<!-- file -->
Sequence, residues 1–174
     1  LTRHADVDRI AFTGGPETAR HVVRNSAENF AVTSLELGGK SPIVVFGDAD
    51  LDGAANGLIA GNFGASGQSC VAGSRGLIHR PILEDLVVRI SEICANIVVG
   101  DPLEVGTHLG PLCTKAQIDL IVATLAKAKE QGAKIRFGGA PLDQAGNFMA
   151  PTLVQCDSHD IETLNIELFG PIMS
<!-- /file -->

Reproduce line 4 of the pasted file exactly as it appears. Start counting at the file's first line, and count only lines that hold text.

   101  DPLEVGTHLG PLCTKAQIDL IVATLAKAKE QGAKIRFGGA PLDQAGNFMA